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refugee resettlement, refugees


Although the resettlement of refugees is always politically contentious in host countries, the current global refugee crisis has only magnified those contentions. In the United States and in many European countries there has been a strong backlash against the resettlement of refugees particularly those from Muslim majority countries. However, within countries such as the U.S. there are areas of the country that are more anti-refugee than others. The purpose of this paper is to explore the variation in refugee resettlement across the fifty U.S. states from 2002-2010. Refugee resettlement in the U.S. is done in conjunction with the federal government, religious and secular non-profits, and state governments. Some states are far more hospitable to refugee resettlement than others and this paper explores the political, economic and social factors that influence the number of refugees resettled in each state. We find that states with a moralistic political culture resettle the most refugees but more liberal states do not resettle more refugees than conservative states. Also, states with a better quality of life resettle more refugees but so do states with higher poverty rates.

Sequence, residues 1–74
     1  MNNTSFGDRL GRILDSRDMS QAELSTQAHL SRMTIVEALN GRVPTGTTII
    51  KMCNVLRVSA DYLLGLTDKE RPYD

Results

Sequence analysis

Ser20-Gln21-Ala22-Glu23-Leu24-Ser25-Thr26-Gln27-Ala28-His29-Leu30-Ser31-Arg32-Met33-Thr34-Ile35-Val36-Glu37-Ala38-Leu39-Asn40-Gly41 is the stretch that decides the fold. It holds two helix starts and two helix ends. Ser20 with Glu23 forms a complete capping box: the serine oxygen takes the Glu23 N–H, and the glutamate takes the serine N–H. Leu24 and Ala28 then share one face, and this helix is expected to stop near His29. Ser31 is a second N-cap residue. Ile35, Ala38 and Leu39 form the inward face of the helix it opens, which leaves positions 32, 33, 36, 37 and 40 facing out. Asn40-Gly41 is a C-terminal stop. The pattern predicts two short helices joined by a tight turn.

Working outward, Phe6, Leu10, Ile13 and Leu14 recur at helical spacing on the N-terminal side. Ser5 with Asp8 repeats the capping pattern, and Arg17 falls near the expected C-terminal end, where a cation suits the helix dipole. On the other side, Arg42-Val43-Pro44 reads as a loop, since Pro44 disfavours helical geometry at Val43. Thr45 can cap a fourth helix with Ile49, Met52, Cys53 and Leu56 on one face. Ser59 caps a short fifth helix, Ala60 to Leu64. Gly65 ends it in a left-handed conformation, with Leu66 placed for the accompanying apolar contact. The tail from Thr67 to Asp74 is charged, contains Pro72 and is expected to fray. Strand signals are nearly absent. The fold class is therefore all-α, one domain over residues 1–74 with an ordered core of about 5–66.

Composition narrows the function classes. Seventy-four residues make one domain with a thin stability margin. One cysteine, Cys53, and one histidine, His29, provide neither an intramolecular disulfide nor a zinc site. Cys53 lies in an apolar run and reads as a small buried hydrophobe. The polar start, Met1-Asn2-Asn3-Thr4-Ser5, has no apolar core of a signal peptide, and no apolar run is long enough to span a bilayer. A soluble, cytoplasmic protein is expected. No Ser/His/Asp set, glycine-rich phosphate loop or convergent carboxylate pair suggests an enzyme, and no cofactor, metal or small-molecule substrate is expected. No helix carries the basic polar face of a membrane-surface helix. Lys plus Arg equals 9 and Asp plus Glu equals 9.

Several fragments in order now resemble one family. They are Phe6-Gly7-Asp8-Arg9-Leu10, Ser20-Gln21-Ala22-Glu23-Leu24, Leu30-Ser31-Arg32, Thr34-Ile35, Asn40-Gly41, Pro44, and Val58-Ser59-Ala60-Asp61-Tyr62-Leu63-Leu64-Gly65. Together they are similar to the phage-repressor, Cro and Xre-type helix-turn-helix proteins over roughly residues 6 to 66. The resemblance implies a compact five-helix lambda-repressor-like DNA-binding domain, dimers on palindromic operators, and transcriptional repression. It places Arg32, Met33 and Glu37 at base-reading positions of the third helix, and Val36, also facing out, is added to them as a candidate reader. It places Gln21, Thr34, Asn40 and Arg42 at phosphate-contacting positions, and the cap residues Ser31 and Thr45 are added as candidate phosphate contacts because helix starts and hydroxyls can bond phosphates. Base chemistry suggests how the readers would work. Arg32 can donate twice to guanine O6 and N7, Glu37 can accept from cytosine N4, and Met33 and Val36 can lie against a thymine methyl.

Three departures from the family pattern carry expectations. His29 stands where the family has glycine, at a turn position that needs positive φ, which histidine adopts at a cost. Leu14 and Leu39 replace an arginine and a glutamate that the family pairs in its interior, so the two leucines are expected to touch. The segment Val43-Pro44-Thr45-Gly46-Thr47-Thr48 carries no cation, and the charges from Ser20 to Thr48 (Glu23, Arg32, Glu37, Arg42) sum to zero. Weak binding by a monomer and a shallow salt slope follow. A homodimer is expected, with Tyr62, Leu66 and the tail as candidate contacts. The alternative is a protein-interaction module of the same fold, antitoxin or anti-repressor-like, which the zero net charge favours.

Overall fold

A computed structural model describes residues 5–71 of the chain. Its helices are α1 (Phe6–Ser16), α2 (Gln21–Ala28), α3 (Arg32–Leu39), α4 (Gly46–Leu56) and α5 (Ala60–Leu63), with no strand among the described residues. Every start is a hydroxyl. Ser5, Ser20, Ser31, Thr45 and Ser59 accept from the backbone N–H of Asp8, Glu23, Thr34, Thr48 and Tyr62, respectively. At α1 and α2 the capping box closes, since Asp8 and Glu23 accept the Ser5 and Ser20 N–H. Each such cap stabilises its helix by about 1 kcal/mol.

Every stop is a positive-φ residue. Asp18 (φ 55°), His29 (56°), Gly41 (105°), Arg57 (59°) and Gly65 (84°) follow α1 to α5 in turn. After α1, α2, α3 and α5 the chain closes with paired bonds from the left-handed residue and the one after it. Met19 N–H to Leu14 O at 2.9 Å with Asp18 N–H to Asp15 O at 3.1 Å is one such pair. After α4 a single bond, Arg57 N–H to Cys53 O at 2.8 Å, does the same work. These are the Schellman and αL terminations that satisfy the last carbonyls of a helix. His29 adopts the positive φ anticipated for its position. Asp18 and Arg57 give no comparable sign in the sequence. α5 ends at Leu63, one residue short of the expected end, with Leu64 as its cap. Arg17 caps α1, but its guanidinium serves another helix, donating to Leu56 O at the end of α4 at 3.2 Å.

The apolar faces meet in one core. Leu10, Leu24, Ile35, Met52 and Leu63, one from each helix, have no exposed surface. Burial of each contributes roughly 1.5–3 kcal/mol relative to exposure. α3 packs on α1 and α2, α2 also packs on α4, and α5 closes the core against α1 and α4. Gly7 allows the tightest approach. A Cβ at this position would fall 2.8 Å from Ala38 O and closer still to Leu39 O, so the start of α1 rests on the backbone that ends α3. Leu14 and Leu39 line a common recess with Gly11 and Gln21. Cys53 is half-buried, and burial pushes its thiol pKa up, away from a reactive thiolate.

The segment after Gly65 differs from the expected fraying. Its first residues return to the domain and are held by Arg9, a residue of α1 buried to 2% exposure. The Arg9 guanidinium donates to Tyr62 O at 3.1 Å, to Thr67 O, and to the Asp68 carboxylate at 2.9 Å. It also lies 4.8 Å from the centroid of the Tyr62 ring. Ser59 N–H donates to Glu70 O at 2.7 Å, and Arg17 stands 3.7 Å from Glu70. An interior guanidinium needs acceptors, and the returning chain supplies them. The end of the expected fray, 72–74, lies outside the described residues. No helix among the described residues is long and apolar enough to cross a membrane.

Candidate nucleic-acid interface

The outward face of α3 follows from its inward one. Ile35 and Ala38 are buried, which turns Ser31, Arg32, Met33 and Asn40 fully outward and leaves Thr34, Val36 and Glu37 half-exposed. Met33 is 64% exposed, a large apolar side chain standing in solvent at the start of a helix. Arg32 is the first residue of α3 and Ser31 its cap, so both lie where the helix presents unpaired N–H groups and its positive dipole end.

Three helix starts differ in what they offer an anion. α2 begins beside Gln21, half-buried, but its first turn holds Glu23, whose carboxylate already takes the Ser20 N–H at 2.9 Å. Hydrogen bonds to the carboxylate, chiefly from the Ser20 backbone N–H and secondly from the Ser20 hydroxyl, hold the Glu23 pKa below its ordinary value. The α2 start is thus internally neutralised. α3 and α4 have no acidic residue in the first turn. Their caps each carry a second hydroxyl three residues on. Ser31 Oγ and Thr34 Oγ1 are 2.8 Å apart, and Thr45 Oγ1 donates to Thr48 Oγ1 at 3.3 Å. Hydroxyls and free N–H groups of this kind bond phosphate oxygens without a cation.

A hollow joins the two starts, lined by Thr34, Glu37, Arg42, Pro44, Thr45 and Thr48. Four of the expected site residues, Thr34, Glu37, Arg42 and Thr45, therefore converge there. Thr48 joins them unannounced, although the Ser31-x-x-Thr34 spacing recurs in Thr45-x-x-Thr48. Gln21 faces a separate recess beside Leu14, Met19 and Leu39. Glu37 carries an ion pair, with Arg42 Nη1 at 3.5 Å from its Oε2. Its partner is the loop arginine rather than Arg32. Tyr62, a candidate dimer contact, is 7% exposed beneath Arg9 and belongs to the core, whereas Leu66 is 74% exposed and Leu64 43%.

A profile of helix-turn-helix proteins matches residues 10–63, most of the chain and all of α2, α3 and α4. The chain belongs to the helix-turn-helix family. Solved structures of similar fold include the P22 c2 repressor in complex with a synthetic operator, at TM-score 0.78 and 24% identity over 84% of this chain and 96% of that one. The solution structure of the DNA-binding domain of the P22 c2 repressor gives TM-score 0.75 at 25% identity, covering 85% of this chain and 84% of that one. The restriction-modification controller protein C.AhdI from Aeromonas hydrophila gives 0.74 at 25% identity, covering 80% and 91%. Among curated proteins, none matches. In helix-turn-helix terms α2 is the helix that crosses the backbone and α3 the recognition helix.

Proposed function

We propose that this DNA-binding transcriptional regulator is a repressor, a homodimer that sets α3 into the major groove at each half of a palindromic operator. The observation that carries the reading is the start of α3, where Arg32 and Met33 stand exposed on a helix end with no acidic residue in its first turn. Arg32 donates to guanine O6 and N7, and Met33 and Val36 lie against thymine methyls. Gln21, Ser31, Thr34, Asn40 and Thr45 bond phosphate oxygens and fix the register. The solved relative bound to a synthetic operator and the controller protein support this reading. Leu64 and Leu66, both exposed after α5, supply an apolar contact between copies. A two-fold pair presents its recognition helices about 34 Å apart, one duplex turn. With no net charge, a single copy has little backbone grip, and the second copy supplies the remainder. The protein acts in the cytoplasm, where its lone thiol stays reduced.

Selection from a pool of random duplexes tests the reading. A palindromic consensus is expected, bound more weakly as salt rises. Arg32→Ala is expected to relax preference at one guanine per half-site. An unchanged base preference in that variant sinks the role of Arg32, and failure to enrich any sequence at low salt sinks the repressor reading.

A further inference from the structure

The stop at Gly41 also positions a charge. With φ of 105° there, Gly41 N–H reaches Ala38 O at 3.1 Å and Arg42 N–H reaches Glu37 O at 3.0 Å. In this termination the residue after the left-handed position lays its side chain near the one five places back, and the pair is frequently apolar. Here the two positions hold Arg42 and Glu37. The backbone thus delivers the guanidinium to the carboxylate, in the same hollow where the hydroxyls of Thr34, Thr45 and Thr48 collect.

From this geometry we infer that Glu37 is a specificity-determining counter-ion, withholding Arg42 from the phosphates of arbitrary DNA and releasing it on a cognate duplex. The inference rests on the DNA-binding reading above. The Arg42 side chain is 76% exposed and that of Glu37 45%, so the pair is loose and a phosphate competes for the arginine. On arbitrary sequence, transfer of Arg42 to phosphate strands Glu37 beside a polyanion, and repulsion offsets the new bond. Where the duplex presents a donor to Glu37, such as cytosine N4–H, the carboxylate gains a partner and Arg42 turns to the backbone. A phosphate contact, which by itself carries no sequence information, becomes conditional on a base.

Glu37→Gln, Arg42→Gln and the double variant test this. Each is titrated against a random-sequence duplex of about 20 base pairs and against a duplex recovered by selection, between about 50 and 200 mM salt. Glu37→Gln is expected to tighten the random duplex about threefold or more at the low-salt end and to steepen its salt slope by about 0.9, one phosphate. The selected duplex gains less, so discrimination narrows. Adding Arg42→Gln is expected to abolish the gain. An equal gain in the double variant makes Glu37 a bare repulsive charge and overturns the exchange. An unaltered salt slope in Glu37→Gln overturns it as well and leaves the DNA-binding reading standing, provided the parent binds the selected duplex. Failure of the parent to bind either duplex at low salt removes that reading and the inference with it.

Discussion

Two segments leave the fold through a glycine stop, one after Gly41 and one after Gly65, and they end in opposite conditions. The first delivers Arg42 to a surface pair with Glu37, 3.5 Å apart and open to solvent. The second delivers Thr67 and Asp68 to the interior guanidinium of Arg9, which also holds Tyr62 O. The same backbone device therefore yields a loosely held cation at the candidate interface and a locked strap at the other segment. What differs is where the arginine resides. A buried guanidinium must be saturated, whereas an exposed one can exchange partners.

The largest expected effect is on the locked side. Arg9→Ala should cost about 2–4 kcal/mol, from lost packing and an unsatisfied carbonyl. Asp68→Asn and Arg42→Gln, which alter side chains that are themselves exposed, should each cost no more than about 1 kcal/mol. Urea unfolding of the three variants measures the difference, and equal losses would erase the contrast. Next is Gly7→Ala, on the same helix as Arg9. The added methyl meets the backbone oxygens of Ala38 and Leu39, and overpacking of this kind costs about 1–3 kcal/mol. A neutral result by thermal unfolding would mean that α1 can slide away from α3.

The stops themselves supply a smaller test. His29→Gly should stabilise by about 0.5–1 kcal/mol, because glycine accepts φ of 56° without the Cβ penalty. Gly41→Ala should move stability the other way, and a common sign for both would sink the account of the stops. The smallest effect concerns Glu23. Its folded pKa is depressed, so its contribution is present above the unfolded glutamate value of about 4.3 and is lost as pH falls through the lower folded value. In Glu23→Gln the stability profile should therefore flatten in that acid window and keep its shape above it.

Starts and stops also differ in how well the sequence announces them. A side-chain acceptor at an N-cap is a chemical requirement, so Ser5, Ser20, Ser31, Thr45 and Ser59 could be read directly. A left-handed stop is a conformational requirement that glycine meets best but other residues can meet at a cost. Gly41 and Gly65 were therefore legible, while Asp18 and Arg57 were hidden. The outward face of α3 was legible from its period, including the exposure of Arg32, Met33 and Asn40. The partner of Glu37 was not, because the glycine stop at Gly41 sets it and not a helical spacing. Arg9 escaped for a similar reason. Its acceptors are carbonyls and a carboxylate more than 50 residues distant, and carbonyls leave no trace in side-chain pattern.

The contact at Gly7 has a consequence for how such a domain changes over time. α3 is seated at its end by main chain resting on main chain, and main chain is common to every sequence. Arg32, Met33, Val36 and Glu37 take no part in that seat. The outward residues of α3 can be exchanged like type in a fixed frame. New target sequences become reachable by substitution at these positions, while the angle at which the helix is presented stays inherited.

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This article has been accepted for publication in Journal of Refugee Studies, published by Oxford University Press.

The is the Authors' Original Version (pre-print) of the article.

The version of record is:

Nolasco, C. & Braaten, D., (2019). The Role of Hospitable and Inhospitable States in the Process of Refugee Resettlement in the United States, Journal of Refugee Studies,